• Dr. Nicole Vumbaco, DVM

Update 4: 51 weeks into treatment!

Updated: May 12

I am having the hardest time getting this update written. You would think these updates would get easier with time, but honestly the 10,000 moving parts of this disease are just exhausting to assimilate. It seems so much easier for me to connect with the science rather than personal difficulties of the day-to-day with chronic illness.


Week 47 held this updates initial attempt; it is now week 51! 51 weeks since starting treatment. It is surreal to say we're almost a year into treatment. BUT incredible to reflect on how sick I was this time last year, 2 years, 3 years, now 4 years later, and know that my path is no longer defined by mystery and decline, but by understanding, treatment and improvements. Subtle improvements have continued to build throughout each stage of my protocol. And with each advancement also comes great excitement. This is when I can see, feel and just objectively experience progress, even in the smallest of forms.


This disease requires such a fine balance. Personally, this balance is between acceptance, patience, grieving, determination, and hope. Medically, it is about the right treatment, at the right time, with the right dose…for the right duration…objectives still being defined by mounting research. Patients before me paved the road for expectation and treatment structure. Many were able to achieve successful remission of symptoms. I will get there…almost 1 year down, and an unknown amount more to go!


Rifampin:

2020 finished out with my 5th recheck (December 31st). I was thrilled to learn that after 8 months on combination antibiotic treatment, hormone replacement therapy, adrenal support, and 5 months on physiologic hydrocortisone that my adrenal testing showed significant improvement!! Enough improvement to add in the THIRD of three antibiotics, Rifampin. That's right... PHASE 3!!!!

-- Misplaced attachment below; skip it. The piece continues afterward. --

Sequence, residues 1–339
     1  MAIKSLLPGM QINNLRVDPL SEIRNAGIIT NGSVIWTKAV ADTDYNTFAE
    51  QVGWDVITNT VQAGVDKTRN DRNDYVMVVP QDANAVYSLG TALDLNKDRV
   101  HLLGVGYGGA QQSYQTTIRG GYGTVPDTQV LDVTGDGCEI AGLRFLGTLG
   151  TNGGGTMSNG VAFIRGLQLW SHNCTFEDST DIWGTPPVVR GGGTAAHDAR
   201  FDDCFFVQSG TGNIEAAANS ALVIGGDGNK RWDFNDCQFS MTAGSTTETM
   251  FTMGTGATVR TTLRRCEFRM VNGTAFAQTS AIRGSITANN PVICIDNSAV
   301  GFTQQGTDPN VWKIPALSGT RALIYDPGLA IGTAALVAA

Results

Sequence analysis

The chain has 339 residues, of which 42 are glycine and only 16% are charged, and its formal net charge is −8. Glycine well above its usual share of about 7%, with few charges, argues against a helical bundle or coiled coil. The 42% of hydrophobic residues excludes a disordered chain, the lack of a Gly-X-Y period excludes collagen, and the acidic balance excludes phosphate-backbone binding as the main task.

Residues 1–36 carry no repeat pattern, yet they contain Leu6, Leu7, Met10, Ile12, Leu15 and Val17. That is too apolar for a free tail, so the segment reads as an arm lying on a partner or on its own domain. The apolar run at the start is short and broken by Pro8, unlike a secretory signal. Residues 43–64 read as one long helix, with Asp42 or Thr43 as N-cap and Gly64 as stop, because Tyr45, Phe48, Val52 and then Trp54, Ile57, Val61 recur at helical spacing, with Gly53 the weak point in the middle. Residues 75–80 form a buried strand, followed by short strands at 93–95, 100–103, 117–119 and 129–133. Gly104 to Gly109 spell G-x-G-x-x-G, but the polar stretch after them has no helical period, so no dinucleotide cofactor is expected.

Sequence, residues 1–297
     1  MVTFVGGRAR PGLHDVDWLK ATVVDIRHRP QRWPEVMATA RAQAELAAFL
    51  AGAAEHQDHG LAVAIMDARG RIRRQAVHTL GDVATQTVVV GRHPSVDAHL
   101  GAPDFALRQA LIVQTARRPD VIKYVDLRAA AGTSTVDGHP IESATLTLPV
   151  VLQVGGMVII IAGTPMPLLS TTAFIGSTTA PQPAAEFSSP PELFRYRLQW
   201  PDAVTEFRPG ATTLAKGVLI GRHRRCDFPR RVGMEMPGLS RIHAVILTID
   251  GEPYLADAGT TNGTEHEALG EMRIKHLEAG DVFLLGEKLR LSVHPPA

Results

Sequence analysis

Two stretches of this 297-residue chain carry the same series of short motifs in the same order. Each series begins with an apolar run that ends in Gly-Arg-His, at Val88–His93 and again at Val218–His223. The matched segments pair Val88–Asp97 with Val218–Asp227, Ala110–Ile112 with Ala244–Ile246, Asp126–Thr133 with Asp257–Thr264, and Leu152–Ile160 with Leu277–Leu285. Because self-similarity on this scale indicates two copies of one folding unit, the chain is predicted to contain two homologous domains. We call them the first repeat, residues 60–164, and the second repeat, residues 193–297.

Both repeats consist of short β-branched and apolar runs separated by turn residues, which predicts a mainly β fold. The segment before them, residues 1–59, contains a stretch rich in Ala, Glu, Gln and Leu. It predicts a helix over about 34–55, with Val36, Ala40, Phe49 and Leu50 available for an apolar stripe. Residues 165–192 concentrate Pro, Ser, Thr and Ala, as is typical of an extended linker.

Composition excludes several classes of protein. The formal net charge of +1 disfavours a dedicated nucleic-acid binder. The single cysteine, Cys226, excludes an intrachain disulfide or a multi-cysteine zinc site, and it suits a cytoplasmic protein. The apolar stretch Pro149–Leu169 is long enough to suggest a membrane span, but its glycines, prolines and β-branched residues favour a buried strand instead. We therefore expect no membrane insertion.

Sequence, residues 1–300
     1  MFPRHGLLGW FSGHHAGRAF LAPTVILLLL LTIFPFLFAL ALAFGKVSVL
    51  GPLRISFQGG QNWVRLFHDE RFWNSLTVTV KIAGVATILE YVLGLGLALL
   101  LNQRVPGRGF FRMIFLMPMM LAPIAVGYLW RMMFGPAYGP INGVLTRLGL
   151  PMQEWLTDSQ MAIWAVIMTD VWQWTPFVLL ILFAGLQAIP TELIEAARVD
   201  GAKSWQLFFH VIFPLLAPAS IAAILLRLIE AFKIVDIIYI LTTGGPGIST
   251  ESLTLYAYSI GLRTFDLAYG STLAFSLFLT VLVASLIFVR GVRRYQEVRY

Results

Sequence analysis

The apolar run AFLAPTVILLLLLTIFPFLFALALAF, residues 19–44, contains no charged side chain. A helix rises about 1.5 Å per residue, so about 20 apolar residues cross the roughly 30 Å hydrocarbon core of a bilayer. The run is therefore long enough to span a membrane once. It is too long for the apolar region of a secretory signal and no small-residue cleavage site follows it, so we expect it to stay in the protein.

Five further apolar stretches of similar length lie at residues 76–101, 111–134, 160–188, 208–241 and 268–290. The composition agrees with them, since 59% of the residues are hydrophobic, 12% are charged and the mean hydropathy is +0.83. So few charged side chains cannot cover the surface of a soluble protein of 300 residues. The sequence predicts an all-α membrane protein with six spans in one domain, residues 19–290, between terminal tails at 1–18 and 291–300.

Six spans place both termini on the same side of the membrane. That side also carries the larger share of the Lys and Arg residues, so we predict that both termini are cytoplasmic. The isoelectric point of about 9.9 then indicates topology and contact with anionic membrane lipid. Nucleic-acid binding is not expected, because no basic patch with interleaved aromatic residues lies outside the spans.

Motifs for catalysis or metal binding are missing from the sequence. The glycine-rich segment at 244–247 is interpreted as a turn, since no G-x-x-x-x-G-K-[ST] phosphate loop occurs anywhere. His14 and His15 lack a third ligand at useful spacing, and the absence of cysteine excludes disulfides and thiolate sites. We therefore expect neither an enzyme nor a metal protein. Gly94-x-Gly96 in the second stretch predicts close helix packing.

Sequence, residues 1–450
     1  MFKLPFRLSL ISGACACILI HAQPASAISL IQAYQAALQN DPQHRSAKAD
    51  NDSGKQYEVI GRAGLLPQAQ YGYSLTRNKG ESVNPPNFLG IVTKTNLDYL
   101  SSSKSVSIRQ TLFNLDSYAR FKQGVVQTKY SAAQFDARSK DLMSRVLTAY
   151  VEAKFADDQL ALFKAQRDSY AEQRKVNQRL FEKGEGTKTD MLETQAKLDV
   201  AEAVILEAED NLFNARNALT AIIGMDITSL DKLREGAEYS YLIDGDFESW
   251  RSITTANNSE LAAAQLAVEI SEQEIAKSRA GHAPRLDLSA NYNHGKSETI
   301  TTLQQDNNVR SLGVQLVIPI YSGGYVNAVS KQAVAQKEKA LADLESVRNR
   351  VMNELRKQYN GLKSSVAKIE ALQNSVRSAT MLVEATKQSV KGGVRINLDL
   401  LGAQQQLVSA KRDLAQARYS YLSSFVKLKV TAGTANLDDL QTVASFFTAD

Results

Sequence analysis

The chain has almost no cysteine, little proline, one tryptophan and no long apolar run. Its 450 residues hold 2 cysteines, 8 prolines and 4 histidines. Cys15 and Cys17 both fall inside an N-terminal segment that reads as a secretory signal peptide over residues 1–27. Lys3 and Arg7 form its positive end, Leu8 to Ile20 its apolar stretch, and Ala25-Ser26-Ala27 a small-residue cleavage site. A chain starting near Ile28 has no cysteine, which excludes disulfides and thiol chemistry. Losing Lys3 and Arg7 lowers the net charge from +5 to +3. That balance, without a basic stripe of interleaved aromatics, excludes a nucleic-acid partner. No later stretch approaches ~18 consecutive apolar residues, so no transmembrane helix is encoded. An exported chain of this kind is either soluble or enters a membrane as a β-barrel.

Rifampin is a rifamycin based antibiotic. It crosses the Blood Brain Barrier (BBB) and Blood-CSF barrier, readily penetrating the Cerebral Extracellular Matrix (CES) and CSF (cerebrospinal fluid) respectively. Bacterial infections in the brain spread through the Cerebral Extracellular Matrix (the CES). Like me, many Bartonellosis patients demonstrate extensive neurologic manifestations. Rifampin really targets this, among other things. Getting to this point has been extremely rewarding, especially with my plethora of neurologic symptoms. During use, Rifampin increases the metabolism of cortisol and other hormones. Patients with pre-existing adrenal insufficiency need close monitoring and likely increased dosing of current HRT (hormone replacement therapy). Liver injury has also been reported. This can be direct injury from the medication itself or transient, inconsequential and resolve over time. In Bartonellosis patients it has been proposed that a mild elevation in liver function tests (LFTs) may be secondary to rifampin targeting the infection in and around the liver. It is hard to truly know which one is the culprit when it does happen so close monitoring is recommended.


I started Rifampin on Jan 23, 2021 at 150 mg once a day. The plan is to slowly up-titrate every 4 weeks, with the end goal of 600 mg twice a day (If my body cannot handle twice daily dosing then 600 mg once daily becomes the goal). Getting to this point can take many months. The limiting factor is your severity of Jarisch-Herxheimer reactions (reaction to bacterial death which releases endotoxins into the bloodstream), liver function tests and adrenal parameters. Like all things with Bartonellosis, ‘Low and Slow’ remains the priority.


Once Rifampin is at my maximum tolerable dose, the combination antibiotics (Bactrim, Clarithromycin and Rifampin) will be continued for 6 months duration. At the 6-month mark, the rifampin will be switched out for his big brother, rifabutin. The combination is continued months beyond symptom resolution and will require repeated negative findings on serial diagnostics through Galaxy Diagnostics and Dr. Mozayeni’s T-Lab. One step closer!